Shoes were all leather, in fact we wore more boots than shoes and long laced boots in the winter. All our clothes lasted a long time, so a new dress had to have a hem.

On Anniversary mornings we sang round the streets the songs we had learned. The first Sunday we went to Garmondsway because there was a tiny village there and we knew all the families. Then we went to sing to the Canon after his morning service. My father always knew him and was told the time to go to the Vicarage. I think the Chapel held 200 people and it was always full with extra seats on the 'flat'. We had games on the 'flat' at party time until we had the money to have Communion Table and chairs and a wood surround.

The Wesleyan Chapel had its Anniversary on the third and fourth Sundays in June. On the third Sunday my mother, father and I spent the whole day at Wingate. There were grocers there called Harrison and before I was born they had had a shop at Kelloe. My parents had become friendly with them and used to have the wine etc., brought from Wingate at Christmas. I loved to go to Wingate on this special Sunday. We had dinner and then we went to see the cows and get the milk, for Harrisons had some land not far from the house and a big shop. Sometimes the daughter at home, called Tizzy, would take me to evening Chapel with her. I liked her and used to hope Tom would marry her. We went into the shop to fetch goods back that my mother wanted. Mr. and Mrs. Harrison were more like farmers, I thought. It was a lovely day for a child.

I knew Lees' farm very well because that was where we got the milk, cream and butter. There were three brothers and three sisters and they each knew their own work. Looking back, it was a 'proper' farm for there were all the farm animals, a pond with trees, fields with good crops and with paths where parents and children walked round on Sunday nights in the summer. There were hedges with flowers and stiles we all could step over. Annie Lee came every Thursday with butter for us and for my grandfather's shop. I loved that butter on a new tea-cake on Thursdays. Once a year my parents and I spent the afternoon and evening at the farmhouse. The kitchen was big but we sat in the sitting room and ate in the dining room both full of Victorian furniture etc., etc. I was allowed in the dairy and really was petted. Their cream was lovely. There is none like it now in any shop. I do not know where the Lee family came from and I never saw any relatives. Their parents had been there because my mother used to say their mother had said she hoped none would marry and no one did. They were charming people and nowadays we would say they were very fetching! They looked the same age. No one looked older than another.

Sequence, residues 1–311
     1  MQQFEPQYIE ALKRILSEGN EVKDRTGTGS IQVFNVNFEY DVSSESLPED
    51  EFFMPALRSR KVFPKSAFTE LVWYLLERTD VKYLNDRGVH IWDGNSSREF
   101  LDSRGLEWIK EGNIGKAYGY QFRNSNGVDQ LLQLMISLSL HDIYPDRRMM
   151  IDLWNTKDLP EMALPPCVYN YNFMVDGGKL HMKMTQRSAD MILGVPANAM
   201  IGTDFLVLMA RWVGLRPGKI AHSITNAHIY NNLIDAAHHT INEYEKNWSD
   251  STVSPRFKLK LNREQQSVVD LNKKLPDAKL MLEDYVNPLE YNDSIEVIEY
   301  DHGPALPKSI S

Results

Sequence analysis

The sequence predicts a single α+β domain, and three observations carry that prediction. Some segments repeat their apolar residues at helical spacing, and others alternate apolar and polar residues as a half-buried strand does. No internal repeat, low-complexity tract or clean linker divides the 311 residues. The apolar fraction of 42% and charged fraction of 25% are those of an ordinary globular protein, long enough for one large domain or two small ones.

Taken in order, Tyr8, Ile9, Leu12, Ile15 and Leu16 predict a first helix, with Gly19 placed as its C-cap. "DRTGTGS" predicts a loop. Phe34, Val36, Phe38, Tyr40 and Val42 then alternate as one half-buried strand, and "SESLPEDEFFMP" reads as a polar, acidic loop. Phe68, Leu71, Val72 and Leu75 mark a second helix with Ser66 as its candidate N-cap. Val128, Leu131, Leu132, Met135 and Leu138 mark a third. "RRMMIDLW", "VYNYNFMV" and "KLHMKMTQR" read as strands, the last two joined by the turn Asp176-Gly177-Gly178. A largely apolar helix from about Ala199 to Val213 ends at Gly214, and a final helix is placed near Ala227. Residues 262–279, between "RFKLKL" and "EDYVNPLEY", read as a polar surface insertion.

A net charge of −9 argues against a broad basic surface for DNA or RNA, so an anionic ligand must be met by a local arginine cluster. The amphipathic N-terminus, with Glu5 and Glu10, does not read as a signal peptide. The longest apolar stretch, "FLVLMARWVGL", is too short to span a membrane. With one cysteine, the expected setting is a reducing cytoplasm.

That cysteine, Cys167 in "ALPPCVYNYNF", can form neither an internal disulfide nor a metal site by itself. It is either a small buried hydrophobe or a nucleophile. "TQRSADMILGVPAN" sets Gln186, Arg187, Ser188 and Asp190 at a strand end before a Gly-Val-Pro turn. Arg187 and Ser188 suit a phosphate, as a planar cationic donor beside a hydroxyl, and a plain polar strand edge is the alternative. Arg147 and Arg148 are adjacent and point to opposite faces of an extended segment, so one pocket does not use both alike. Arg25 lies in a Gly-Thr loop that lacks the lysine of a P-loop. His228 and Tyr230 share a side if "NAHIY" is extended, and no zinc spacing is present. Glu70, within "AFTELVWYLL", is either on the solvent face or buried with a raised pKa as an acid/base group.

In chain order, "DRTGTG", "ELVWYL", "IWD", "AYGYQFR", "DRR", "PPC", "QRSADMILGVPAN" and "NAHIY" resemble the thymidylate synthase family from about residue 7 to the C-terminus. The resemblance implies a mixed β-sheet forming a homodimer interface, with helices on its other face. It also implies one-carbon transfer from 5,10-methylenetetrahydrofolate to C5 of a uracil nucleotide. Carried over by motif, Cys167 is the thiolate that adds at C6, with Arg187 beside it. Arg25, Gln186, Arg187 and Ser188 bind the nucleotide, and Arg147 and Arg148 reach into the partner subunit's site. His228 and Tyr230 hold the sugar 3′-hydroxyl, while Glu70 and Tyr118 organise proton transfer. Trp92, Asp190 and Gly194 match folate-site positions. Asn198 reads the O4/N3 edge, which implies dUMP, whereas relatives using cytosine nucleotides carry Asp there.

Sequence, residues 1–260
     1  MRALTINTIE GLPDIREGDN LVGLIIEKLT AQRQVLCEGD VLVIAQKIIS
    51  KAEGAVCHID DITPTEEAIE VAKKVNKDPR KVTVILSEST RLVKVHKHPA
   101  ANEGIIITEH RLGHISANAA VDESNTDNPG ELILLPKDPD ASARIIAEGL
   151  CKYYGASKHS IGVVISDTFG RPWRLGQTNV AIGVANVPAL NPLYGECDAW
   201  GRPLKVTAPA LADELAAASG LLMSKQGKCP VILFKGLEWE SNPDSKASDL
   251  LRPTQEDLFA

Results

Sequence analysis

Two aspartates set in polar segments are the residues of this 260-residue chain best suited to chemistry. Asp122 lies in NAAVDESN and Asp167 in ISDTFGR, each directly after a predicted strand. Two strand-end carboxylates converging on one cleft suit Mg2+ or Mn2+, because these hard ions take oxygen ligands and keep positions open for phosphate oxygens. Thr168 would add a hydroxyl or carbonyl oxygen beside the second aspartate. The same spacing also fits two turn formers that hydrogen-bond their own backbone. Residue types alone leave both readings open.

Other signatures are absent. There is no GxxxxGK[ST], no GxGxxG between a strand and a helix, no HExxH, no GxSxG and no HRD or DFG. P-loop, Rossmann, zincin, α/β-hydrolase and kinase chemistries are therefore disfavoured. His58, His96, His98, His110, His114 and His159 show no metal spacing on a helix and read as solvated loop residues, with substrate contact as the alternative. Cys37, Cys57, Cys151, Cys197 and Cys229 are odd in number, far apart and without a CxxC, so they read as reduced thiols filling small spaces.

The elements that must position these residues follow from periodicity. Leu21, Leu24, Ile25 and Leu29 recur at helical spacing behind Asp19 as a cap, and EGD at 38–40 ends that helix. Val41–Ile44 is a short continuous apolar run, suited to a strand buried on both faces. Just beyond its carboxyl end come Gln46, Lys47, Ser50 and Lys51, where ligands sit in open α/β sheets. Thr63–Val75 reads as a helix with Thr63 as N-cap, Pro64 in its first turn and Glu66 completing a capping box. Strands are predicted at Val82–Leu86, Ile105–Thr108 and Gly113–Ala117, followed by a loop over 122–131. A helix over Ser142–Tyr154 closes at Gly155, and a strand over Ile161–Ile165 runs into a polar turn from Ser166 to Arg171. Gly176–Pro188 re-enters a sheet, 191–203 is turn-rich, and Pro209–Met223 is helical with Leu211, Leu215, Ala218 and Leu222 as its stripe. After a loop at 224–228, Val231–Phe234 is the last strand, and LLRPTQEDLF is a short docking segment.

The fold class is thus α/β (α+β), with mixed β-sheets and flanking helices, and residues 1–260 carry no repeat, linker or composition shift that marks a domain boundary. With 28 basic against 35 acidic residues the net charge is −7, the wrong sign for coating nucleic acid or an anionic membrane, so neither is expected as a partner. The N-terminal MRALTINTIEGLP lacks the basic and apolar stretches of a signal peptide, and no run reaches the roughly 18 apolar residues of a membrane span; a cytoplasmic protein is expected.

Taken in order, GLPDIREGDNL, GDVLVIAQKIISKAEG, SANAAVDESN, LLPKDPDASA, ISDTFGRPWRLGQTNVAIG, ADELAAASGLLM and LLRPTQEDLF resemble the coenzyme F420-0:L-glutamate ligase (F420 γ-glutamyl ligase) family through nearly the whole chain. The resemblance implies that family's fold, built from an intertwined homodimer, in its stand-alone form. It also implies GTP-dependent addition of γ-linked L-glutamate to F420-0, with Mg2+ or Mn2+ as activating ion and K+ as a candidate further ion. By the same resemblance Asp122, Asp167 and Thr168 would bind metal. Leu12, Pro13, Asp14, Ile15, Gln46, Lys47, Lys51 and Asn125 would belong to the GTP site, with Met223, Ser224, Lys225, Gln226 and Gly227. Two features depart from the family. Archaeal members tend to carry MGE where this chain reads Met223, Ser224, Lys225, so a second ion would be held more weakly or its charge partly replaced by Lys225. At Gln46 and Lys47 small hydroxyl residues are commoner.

My father's parish was Coxhoe, and we often had farmers coming to pay their rates. They came as for a visit and were always given whisky. Coxhoe Mill Farm was in a charming area with trees, the pit stream and private fields in parts because of land belonging to John Wood of Coxhoe Hall. The land, trees, walls, hedges, footpaths and roads were all in excellent condition. My father had to go to the Hall. John Wood was not married nor were his sisters. I got to the Hall, but never in it. I sat in the trap. John Wood's house was lovely, a private residence. There was a farmhouse as one entered the estate at the Kelloe side and that was where the carved wall began. At the Coxhoe end, there was an entrance with a wall and a cottage. All this has gone thanks to the destruction of the Coal Board. Trees have gone too and the district looks a wreck. Elizabeth Barrett Browning was born at Coxhoe Hall.


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